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Temporary workers in the auto industry are increasingly losing their jobs. Toyota, Nissan, Matsuda and small companies also are dismissing them.

11, 11. 2008

   Massive dismissal of workers sent by staffing agencies and other temporary workers has begun. Following Toyota Motor Corp., Nissan Motor Co. and Mazda Motor Corp. have also started massive personnel cuts as they are reducing production at their plants in Japan. Many temporary workers are subjected to the personnel reduction. This move reflects sluggish auto sales not only in Japan but also in the United States and other countries in the world as a result of the worldwide financial crisis.

From big to smaller companies, all are resorting to restructuring

   Toyota Motor had reduced the number of temporary workers at its plants in Japan by about 20% over a period of six months to the end of September 2008. By halting the employing of new temporary workers and taking other steps, the number of such workers was reduced from the monthly average of 8,800 in March to about 6,800 in September. Overlapping the sluggish domestic sales, the overseas sales, especially in the United States that supported the sales growth, went down seriously.

   Nissan Motor is expected to reduce the number of temporary workers at its Tochigi and Kyushu assembly plants by about 780 over the period from November this year to the end of March 2009. Nissan produces large cars at these plants, such as the Infinity cars for exports at the Tochigi plant and the sports-type SUV Murano cars at the Kyushu plants. The company has decided to cut down the products at the two plants to cope with sluggish exports.

   The account settlement Mazda announced on Oct. 30 for the second quarter showed that its global sales decreased by 6% on year to 701,000 units. The company also announced on the same day that its consolidated operating profit forecast for the term ending in March 2009 was revised downward by 25 billion yen to 90 billion yen. The forecast of its current net profit was also revised downward by 20 billion yen to 50 billion yen. Its domestic production during the second half will be cut down by 73,000 units. The plants subjected to the production cuts will be those at the headquarters in Hiroshima and the Bofu plant. The number of the workers to be reduced is now being adjusted. But it is certain that the workers to be dismissed will be mostly temporary employees.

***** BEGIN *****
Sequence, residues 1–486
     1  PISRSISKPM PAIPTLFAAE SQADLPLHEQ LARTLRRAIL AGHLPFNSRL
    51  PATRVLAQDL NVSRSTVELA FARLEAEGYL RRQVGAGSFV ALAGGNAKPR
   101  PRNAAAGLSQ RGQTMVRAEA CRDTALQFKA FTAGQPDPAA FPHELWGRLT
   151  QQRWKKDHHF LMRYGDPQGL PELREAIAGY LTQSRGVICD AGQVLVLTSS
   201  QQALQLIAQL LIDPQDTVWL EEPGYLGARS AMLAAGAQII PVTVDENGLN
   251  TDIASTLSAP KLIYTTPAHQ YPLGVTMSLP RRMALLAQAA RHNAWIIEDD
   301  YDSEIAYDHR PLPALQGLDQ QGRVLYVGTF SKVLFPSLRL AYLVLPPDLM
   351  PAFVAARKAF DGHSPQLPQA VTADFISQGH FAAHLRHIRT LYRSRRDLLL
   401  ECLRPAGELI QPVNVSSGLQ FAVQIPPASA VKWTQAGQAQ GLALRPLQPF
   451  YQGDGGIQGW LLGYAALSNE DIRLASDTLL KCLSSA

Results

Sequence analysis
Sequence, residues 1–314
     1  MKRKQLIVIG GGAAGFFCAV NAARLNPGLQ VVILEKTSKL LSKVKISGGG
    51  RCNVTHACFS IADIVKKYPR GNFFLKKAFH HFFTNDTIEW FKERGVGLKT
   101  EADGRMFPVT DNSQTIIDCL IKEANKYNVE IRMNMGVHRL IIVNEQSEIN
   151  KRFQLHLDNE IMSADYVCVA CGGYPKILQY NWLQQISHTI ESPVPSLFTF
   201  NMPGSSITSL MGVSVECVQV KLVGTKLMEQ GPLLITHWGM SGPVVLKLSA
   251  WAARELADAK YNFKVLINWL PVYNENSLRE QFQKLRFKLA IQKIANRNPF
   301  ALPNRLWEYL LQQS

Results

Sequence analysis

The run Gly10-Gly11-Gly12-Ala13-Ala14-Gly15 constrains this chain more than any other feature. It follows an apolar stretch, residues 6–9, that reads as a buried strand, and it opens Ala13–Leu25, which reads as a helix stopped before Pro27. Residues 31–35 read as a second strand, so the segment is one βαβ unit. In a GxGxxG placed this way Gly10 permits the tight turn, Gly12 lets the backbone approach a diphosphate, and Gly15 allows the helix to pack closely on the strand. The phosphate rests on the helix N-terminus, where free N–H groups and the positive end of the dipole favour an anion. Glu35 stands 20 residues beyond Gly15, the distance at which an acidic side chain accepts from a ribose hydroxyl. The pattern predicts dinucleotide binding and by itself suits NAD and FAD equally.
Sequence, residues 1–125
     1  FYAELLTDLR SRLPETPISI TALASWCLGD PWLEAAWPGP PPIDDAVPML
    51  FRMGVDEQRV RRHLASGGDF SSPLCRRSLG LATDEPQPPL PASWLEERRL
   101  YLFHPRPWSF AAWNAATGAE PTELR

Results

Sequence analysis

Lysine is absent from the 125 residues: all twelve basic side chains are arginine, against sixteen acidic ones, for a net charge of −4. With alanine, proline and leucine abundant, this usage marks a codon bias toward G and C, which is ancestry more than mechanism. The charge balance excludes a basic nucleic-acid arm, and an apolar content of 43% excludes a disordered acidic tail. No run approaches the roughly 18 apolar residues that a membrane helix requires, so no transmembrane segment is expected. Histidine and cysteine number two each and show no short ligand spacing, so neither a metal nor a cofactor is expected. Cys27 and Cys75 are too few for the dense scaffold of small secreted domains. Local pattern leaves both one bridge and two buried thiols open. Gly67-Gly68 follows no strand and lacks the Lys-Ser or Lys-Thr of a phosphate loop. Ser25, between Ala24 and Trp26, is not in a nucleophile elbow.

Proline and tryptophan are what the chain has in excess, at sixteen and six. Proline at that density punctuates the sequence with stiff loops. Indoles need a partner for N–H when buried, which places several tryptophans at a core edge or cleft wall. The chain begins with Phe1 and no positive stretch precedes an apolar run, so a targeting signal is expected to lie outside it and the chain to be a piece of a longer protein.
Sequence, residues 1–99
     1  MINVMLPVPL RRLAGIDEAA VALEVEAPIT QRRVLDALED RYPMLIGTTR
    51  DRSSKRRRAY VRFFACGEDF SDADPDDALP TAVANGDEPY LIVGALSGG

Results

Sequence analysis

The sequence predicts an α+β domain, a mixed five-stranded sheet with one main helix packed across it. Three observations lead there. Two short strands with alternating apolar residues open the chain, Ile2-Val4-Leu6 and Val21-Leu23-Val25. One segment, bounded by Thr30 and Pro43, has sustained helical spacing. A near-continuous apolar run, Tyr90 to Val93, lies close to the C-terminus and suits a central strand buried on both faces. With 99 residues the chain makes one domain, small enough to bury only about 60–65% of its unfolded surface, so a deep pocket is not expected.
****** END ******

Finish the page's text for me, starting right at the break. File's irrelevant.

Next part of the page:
Thousands may be fired by 2009

   As the productions will be reduced at the plants of the major carmakers, their subcontractors supplying parts to them will naturally be forced to cut their employment. The parts maker Tanaka Seimitsu Kogyo Co., which is listed on Jasdaq, is to dismiss 72 part-time workers at its production facilities by the end of December. Tanaka operates nine plants in the country, including those of its affiliates. Of a total of 1,139 employees of Tanaka as a whole, including those working overseas, 267 are part-time workers.

   One of the temporary workers at Toyota had his contract expired in September. He was living in the company dormitory for unmarried workers, but he was forced to leave the dormitory at the time of the expiration of his contract. He could have chosen to return to his home town in Saitama Prefecture, but he is still looking for a new job in Aichi Prefecture with help from the labor union All Toyota Union (ATU). As he has no place to stay, he is moving from his friend's house to friend's house.

   Many of the workers provided by stuffing agencies live in company dormitories. Short-term temporary workers stay at company dormitories for three to six months. The periods of the stay would be two years and 11 months at longest. Tadao Wakatsuki, the executive leader of the ATU, said that it is easy for companies to fire workers hired on limited-term contracts. "As the business condition sharply got worse (as a result of the financial crisis that started in the United States), I feel the dismissal of the workers happened so suddenly."

   "There is a problem destined the workers face in 2009," Wakatsuki said. What he meant was that the temporary workers who were hired while the business condition was good on contracts for the term of two years and 11 months will face the expiration date of the contracts all at around the same time in 2009. The number of such workers must be in the range of thousands. Unless the economic condition recovers by then, those workers are destined to lose their jobs and they won't know where to go.

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